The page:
Asbestos Danger Still Lurks
There is perhaps nothing more frightening to a parent than hearing that the landfill beneath your childs school playground contains asbestos. Or that during recent construction work for the Governments school building program, there were safety breaches in the way asbestos was handled.
Asbestos is considered to be safe if it is covered and undisturbed, but if exposed, asbestos particles in the air can prove deadly to anyone who inhales them.
Asbestos can cause a range of lung diseases, such as Asbestosis and the fatal Mesothelioma. The Dust Diseases Tribunal of NSW believes there is no known safe level of asbestos exposure.
Following an audit of asbestos in schools, the NSW Government set up an asbestos management plan in late 2008, aimed at addressing the Department of Education and Trainings (DET) obligations under the Occupational Health and Safety Act. As the controller of school premises, DET was required to establish a register to record the location of any known asbestos at NSW public schools and Tafes, along with a risk assessment rating.
School Principals are required to make sure that asbestos situations are controlled safely, and that staff, contractors and visitors know about the presence of asbestos, and the risks and management procedures. All occupiers of the premises must be given access to the register, which includes parents, students and neighbours. Where asbestos has been detected, proper work safety procedures must be followed by contractors, such as the use of protective equipment, a supervising health hygienist, and work only taking place out of hours. Only licensed removal contractors may dispose of exposed asbestos. All details about contracted work undertaken at known asbestos sites must go on the register.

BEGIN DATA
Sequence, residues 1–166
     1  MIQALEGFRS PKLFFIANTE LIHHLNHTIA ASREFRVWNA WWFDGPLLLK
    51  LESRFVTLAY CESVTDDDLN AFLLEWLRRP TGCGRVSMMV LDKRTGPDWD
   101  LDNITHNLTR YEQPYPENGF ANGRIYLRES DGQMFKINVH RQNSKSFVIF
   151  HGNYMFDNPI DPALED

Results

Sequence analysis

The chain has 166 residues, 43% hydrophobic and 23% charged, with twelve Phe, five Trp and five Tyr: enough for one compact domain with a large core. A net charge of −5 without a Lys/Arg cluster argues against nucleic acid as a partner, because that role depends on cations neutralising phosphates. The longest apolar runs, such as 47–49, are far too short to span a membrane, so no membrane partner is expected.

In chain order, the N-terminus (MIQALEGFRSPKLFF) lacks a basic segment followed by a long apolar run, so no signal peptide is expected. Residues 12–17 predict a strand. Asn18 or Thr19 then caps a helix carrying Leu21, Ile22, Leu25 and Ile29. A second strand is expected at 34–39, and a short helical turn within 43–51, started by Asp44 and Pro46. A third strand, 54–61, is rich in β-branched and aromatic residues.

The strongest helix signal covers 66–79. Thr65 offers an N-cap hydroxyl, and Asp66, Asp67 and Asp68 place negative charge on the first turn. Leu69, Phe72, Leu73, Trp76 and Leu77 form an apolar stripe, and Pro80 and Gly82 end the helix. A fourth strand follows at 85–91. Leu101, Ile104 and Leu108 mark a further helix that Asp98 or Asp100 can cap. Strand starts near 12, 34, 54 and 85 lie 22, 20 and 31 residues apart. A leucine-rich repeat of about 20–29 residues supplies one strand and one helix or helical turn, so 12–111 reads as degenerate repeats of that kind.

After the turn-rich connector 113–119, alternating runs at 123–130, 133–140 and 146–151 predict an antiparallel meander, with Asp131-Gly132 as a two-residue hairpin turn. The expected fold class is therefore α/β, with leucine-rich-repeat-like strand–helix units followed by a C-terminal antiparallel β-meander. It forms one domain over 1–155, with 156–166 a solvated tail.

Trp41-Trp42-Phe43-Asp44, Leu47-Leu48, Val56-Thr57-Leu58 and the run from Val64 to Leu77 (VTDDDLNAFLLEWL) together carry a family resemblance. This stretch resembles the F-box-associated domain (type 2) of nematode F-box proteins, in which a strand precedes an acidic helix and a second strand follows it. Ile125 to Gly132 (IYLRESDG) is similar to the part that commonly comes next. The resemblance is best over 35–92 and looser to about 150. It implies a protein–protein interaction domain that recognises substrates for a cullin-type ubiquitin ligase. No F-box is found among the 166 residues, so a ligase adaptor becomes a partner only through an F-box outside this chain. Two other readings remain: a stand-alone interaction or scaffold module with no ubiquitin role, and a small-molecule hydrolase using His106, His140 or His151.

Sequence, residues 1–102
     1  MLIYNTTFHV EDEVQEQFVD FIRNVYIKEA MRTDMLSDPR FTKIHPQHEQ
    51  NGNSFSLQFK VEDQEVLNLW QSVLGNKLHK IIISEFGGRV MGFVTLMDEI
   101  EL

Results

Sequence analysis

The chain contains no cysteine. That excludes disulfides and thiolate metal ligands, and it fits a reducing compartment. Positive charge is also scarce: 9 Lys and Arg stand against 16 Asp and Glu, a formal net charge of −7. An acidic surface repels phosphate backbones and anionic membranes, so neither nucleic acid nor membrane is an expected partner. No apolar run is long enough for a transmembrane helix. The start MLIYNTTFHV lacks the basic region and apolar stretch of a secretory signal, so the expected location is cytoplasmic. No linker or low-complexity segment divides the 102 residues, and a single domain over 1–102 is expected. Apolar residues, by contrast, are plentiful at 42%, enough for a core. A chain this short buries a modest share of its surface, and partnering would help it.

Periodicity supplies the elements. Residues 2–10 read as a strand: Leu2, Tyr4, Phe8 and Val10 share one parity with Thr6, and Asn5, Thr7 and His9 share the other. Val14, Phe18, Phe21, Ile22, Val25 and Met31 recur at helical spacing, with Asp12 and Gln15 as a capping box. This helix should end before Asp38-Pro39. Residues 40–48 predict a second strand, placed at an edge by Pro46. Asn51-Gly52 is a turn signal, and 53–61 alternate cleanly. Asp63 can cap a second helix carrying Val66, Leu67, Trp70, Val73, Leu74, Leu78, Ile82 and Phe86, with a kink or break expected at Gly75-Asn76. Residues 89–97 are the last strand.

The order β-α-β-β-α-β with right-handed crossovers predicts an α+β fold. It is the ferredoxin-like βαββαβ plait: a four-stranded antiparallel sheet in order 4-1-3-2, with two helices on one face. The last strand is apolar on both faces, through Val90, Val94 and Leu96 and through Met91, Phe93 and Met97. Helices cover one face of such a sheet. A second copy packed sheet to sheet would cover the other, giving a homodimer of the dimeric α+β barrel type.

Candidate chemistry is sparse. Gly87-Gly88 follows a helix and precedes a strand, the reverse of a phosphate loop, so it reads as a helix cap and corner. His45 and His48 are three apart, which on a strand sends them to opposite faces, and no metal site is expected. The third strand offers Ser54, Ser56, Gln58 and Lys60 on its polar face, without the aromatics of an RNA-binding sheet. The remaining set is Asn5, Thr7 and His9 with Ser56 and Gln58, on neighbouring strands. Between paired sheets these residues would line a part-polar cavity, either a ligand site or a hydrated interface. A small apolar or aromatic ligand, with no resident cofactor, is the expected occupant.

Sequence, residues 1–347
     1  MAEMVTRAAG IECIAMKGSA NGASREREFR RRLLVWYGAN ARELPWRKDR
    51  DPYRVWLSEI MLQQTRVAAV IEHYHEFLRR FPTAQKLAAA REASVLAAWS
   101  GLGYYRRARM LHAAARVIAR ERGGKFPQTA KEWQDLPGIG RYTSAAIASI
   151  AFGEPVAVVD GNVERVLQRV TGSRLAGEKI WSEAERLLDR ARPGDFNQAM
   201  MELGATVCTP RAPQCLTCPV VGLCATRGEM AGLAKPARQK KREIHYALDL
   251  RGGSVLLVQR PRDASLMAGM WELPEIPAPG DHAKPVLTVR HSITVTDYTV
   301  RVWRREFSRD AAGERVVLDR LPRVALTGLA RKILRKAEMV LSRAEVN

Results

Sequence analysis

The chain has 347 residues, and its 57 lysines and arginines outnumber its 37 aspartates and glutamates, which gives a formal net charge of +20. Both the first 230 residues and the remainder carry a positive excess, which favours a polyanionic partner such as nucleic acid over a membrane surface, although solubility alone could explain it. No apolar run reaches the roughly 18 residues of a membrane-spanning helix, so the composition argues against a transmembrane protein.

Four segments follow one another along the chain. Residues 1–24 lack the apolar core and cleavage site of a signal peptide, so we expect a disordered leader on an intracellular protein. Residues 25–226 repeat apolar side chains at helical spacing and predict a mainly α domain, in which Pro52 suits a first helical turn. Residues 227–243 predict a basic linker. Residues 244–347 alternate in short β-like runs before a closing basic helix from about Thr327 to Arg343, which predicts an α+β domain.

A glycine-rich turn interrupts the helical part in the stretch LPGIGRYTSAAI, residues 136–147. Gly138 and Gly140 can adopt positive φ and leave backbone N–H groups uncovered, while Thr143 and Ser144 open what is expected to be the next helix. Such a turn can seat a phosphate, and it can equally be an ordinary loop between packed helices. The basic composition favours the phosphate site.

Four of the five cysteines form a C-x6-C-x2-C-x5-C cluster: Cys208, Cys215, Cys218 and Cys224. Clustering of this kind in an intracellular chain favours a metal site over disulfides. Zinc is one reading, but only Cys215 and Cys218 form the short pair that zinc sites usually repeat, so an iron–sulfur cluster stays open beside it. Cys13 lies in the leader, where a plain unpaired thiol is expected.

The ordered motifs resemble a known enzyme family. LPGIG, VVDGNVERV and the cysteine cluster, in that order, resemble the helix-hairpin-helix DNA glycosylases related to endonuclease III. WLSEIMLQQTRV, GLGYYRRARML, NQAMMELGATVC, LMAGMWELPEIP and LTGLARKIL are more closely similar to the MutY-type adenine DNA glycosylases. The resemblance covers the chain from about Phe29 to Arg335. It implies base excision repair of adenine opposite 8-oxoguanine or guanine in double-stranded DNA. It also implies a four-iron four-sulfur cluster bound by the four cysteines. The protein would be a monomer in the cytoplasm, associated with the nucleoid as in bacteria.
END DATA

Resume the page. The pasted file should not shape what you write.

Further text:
It has now been suggested that a register be set up of all NSW land-fill sites known to contain asbestos, to help prevent a third wave of deaths, due to environmental exposure when asbestos is disturbed, such as through land development.
Initially, asbestos disease was thought to only affect miners and factory workers exposed between the mid- 40s and 1980, until it became clear that demolishing or renovating fibro homes built in the 50s, and ripping up carpet to expose asbestos-particles in underlay, was also hazardous.
In terms of compensation, a successful case must prove that a plaintiff was owed a duty of care, which was breached, causing them to suffer injury. There is no time limit to sue for dust diseases cases, because asbestos disease symptoms can take many years to appear. Safety breaches now could have dire consequences years down the track.
An asbestos register would seem to offer one way to make organisations more accountable for work safety compliance, and provide public awareness about potentially hazardous sites. But it would be limited to known asbestos sites.